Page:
Disassociating tree species associations in the eastern United States

Hanberry, Brice B.
August 2014
iForest - Biogeosciences & Forestry;2014, Vol. 7 Issue 4, p248
Academic Journal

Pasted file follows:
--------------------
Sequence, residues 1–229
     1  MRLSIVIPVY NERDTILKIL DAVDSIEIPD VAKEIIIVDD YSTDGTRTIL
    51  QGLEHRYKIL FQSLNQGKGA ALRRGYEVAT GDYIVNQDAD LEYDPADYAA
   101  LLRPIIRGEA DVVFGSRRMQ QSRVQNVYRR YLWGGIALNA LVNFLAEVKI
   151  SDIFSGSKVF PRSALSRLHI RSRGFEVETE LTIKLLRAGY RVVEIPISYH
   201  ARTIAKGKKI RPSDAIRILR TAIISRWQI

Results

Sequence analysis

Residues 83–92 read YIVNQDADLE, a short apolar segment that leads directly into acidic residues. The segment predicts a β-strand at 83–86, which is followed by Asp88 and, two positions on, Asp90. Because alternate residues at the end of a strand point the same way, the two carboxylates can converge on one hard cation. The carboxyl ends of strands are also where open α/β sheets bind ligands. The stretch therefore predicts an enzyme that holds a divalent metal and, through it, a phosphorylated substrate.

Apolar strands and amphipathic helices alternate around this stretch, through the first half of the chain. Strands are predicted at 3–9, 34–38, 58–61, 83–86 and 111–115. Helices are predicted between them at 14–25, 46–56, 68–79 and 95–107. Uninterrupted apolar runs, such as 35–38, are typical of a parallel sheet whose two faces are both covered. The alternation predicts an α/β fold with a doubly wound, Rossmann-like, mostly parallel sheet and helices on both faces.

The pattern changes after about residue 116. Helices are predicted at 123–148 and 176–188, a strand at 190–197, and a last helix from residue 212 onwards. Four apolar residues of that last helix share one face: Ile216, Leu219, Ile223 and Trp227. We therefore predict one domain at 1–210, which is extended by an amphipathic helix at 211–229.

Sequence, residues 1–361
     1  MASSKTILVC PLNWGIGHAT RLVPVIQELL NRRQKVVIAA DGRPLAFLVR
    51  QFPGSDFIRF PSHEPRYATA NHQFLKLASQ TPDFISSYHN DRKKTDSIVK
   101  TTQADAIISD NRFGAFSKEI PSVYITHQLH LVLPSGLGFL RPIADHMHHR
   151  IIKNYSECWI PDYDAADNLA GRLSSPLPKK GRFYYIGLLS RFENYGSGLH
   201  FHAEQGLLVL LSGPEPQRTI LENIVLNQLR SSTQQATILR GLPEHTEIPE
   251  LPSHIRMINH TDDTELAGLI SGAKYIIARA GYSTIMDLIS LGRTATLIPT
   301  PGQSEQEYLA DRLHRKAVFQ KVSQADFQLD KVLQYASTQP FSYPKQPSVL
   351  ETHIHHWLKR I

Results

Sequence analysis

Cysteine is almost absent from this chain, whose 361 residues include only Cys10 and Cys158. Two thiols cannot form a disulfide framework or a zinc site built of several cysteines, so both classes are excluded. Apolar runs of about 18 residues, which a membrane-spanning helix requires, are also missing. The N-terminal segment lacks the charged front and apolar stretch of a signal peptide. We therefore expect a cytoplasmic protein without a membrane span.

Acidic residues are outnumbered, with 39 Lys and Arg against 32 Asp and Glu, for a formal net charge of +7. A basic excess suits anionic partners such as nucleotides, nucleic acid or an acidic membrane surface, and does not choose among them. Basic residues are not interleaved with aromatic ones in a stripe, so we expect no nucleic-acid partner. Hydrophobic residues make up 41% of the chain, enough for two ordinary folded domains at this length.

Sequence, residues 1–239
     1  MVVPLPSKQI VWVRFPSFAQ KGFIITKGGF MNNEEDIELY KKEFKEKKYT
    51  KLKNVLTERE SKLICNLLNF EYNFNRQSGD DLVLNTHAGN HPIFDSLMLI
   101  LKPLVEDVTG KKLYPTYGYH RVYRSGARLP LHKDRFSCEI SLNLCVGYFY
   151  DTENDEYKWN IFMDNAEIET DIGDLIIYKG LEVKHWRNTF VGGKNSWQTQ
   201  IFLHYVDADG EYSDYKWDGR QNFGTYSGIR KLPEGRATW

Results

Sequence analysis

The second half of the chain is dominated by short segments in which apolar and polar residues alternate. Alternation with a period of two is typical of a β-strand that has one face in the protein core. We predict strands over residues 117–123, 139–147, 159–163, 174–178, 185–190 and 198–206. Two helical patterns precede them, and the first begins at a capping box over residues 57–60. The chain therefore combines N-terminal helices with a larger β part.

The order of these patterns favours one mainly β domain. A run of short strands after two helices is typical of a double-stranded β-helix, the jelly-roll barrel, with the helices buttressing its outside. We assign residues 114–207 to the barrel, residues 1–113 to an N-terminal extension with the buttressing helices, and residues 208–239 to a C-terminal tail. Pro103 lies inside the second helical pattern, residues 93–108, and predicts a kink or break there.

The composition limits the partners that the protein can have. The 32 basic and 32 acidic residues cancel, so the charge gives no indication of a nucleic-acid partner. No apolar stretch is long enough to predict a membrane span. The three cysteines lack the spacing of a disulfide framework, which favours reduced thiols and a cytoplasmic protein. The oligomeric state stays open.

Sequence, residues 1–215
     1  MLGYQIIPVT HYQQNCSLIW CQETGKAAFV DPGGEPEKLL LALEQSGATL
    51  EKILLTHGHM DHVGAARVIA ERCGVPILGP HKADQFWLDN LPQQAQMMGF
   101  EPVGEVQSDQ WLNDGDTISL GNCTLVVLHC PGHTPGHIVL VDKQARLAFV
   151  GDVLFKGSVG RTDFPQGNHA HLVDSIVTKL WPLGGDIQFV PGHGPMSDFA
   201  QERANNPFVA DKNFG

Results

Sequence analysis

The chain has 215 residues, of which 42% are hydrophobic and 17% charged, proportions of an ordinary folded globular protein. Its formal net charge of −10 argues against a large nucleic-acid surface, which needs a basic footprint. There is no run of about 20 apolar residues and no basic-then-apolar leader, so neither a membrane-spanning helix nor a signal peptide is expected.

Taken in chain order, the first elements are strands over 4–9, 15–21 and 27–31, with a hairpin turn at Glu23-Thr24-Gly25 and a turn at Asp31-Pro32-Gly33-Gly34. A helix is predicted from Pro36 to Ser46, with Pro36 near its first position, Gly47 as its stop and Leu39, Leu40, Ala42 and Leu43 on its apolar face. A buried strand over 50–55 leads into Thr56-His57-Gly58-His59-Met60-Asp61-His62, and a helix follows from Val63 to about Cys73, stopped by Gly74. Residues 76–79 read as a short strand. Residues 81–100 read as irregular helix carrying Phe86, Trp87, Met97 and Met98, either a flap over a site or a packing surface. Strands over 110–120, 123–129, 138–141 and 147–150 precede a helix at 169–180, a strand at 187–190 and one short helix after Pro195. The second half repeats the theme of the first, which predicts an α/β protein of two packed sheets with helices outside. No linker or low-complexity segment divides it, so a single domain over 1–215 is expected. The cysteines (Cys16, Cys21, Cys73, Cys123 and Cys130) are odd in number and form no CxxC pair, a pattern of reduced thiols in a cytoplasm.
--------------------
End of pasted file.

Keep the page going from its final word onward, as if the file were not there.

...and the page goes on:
Ecologists have a long history of describing species associations including oak-hickory, one of the predominant associations in the eastern United States. But historically, oak composition did not appear particularly related to hickory composition. I assessed the relevance of the oak-hickory association and other associations using older and recent (c. 1981 and 2007) USDA Forest Service surveys. For common hickory and oak species, I determined percent composition (i.e., percent of total stems ≥12.7 cm in diameter, relative density or abundance) in ecological subsections, changes in composition throughout ranges, and compared composition of oaks and hickories and other potential associations using correlation and ordination. Oaks were among the most abundant species while hickories were minor species. Hickory composition was stable while the trajectory of oak continued to decrease during the survey intervals from presettlement dominance. Rank-order correlation between oaks and hickories throughout their ranges was about the maximum as for other species (0.55 and 0.42 during the two survey periods) and in the Oak-Hickory forest region, correlation between oaks and hickories was 0.04 (older surveys) and 0.16 (recent surveys). Oaks were not associated with hickory in the "oakhickory" forests of Missouri during the mid-1800s, nor were oaks associated with hickory more recently beyond correlations that occur between other eastern forest species. Oak-hickory association in particular is not an informative term for either historical open oak ecosystems or current eastern broadleaf forests. Mixed mesophytic associations, perhaps not best termed as an association, are eastern broadleaf forests where many tree species dominate forested ecosystems in the absence of filtering disturbance. Associations, even if species share similar traits, generally are not strong, stable in time, or extensive in space; differences between species result in different and changing distributions in response to the environment, land use, disease, and other influential factors.


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